Homeowners frequently ask us if we put a cover on the top of the radon mitigation piping, and it’s a good question. It does seem like it would be a good idea when you look and see a pipe open to the elements. However, as we will explain in this post, not only is it not necessary for the system to be effective and to protect the fan, pipe covers can actually reduce the effectiveness of the system itself and cause big issues in the winter time.
Lets first go over the main questions we hear from homeowners when they see the opening in the top of the pipe.
Won't rain get into the piping and negatively affect the system?
The radon mitigation fans that we use are designed to handle water coming through the piping, and if water does come down into the pipe when it rains, the water will simply drain back into your drain tile underneath your home to be pumped out again from your sump pump. In our 21 years of business we have never encountered a water issue from rain trickling into our systems piping.
Won’t leaves and other debris get into the piping and wreck the fan or clog the pipe?
The airflow moving through our piping is quite substantial, and it is very rare for debris to find its way into the pipe without getting blown right back out, or getting deterred before it can even get close to going in.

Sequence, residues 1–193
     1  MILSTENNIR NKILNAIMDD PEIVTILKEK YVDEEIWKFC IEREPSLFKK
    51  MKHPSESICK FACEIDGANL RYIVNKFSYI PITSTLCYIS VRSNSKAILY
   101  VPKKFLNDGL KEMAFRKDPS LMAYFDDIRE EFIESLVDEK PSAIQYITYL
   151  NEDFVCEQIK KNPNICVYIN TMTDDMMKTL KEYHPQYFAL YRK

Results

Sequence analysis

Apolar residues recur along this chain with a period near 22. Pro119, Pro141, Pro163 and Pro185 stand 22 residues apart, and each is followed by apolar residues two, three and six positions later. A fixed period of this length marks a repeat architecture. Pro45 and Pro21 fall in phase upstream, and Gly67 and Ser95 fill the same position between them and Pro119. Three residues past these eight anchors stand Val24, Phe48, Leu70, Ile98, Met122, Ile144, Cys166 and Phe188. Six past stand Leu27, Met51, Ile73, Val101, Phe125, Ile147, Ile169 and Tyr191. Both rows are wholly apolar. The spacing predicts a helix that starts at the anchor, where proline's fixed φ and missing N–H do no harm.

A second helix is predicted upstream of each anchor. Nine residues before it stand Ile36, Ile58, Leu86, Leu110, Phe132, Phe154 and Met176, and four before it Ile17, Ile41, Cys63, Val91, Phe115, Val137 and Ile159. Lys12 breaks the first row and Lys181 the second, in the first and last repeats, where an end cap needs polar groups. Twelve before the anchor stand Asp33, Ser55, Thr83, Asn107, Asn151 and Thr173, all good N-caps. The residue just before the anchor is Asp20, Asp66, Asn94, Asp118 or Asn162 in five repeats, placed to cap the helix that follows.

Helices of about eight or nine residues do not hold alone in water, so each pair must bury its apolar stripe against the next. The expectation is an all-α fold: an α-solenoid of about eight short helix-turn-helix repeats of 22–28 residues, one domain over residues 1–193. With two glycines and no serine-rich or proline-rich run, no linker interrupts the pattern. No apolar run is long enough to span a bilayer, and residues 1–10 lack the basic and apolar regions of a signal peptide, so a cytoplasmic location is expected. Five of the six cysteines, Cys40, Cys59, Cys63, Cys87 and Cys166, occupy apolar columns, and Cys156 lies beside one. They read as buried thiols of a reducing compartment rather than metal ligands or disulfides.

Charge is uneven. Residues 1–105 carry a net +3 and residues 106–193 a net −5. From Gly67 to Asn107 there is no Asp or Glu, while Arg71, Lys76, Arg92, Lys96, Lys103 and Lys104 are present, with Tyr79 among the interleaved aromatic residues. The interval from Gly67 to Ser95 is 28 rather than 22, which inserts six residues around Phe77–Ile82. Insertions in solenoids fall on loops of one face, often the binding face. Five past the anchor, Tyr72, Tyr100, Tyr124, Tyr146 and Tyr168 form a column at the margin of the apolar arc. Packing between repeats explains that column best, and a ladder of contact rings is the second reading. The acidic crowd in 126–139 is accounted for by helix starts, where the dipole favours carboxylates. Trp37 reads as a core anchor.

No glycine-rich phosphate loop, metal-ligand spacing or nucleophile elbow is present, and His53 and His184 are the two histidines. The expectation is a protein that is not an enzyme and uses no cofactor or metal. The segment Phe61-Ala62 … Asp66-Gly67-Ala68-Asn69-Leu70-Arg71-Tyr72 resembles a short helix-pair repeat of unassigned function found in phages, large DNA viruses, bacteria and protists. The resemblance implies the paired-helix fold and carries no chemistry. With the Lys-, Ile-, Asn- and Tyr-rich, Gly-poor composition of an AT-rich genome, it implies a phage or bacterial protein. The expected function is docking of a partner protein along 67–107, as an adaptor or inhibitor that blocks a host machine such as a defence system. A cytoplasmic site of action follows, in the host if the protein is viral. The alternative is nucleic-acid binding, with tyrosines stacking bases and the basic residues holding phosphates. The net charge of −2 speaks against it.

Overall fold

What about animals?
Due to the amount of air flow constantly running through the pipe and how quickly it is exhausting, most, if not all animals stay away from opening to the pipe. In extremely rare cases if an animal does get in, that would be covered under warranty.
Why a cover can be detrimental to your radon system:
Pipe covers can cause your system to freeze over in the winter: When your radon mitigation system is running, it is pulling air from beneath your homes foundation and safely venting it above your roofline. In the wintertime, the outside air is much cooler than the air from underneath your home and this causes condensation to form. With a cover, the condensation starts to build up and freeze over, eventually causing it to freeze over the top of the pipe completely. Once this happens, the radon fan can no longer pull and push any air through and the system becomes useless. This is especially bad because radon levels tend to be higher in the winter time due to closed house conditions, stack effect, and other temperature/pressure differentials. Therefore, with a frozen over system you will start to accumulate high levels of radon in the basement with nothing to extract it out.
Less Airflow: Nearly all covers will affect the amount of airflow running through your radon mitigation piping. To run at peak efficiency and keep your levels as low as possible, the top of the pipe should be left open to allow the most airflow possible.
In conclusion, putting a protective cap on the top of your radon system might sound like a good idea in theory. However, due to the factors discussed above and the fact that it is not necessary, it is something to avoid when installing a radon system in your home.
Brian S. Thompson